How to do static block scheduling in CUDA? How to evenly assign blocks to SMs?

Hi everyone,
I want to ensure that the same number of blocks are launched to SMs.
For example, the GPU has 40 SMs and the launch configuration has 400 blocks.
How to exactly assign 10 blocks to each SM? Is such control of scheduling possible?

What I observe in my CUDA code is, without any control, there are some SM have less than 10 blocks, while some having more than 10 blocks. So it seems complete dynamic scheduling without any control.
(It is a similar idea as the static thread scheduling in OpenMP. I hope it helps for describing my example above.)


Not really. CUDA provides no formal or documented methods to do this.

I’ve not observed that, and not sure how you are observing it. The general idea is to assume that the GPU designers are well aware of the idea that blocks should be distributed in a sensible fashion to maximize throughput, and assume that that is happening. A slight imbalance (e.g. 11 vs. 9 blocks) could possibly arise, consistent with the above notions, if certain scheduling latencies arise. For example, if blocks have varying runtimes, and the number of blocks initially deposited is not 10 (say it is 8) then it might be that in the distribution of the remaining blocks, after some have retired, there may be some “imbalance”. This imbalance might still be consistent with the idea of maximum throughput.

It should be possible to “take control” of block scheduling by querying the SMID register, and making block actions/decisions accordingly. That strikes me as a lot of work, atypical, and not likely to be worth the effort or result in any noticeable improvement, in most cases.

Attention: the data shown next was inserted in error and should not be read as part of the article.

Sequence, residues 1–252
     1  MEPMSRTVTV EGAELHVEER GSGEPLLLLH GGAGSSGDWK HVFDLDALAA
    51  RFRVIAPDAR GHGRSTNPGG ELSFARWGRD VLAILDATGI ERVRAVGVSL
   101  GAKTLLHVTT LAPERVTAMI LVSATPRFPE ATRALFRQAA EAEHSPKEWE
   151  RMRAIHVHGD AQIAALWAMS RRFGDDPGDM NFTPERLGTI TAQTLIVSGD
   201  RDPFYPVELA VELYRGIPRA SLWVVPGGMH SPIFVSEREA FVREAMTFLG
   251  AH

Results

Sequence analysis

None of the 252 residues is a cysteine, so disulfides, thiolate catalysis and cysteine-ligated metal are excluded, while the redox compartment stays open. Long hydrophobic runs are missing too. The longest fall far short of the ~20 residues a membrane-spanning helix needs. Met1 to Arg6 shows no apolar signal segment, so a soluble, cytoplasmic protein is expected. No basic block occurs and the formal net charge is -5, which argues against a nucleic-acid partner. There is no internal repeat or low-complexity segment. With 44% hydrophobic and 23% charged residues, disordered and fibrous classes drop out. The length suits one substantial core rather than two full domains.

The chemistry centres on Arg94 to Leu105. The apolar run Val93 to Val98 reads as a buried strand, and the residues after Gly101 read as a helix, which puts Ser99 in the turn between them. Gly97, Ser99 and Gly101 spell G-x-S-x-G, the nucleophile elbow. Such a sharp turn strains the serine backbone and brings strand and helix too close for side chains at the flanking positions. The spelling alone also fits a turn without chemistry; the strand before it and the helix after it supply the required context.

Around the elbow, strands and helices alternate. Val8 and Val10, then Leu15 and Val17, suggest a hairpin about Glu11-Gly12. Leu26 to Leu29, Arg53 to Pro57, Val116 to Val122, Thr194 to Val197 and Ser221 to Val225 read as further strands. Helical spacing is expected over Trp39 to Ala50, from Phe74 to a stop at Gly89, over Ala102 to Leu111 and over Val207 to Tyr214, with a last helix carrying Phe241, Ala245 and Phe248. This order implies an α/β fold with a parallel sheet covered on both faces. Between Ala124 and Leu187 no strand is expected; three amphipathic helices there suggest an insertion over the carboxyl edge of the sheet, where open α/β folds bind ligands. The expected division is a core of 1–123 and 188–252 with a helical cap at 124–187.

Hi Robert. Thanks for the reply.
Yes, I would totally agree with the idea to maximize the throughput. I would call this way “dynamic scheduling”, which makes sense to me.

However, like OpenMP having schedule(static), I wonder if it is possible to tune the scheduling of run configuration in CUDA. But could not find such a topic in the CUDA document.
What I want to achieve, following the last example, is letting each block work on a unique global memory. The GPU has 40 SMs, thus 40 different global memory areas are allocated for those coming blocks on those 40 SMs.

In my imagination, for performance gain, each SM works on its own unique global memory, then the interference and conflict could be minimized. For such a plan, the runtime dynamic scheduling is not acceptable, because the “slight imbalance” could only happen in runtime and is hard to be handled by code. If such static scheduling were possible, then I could go with such assumption, that every SM is ensured to have the number of blocks (say it is 10). Then my plan is much relieved to be implemented.

Could you comment on my plan of implementation? Is this assumption too strong and is against the idea of CUDA’s “maximum throughput”? The intuition of my plan was to gain performance from working locally.
(Yes. I am ware of the SMID register and am querying it. What I want is a “total fair balance”, which is more than querying SMID. I do have a array with size of number of SMs. But I expect every slot in this array to be added up to 10 by each block on it. So the “total fair balance”.)

Yes, you can do static scheduling as you describe. I have no idea if it will provide a performance benefit. The article I linked isn’t focused precisely on that idea, but shows generally how to make a specific block (on a specific SM) take responsibility for a specific piece of work, so I believe it has most or all of the constructive concepts needed. If you simply search on “cuda smid” you will find other references including other code examples by me an others.

Hi Robert.
But could you enlight me more with hints to do the static scheduling? I still find nothing about “cuda smid” to let each SM have 10 blocks.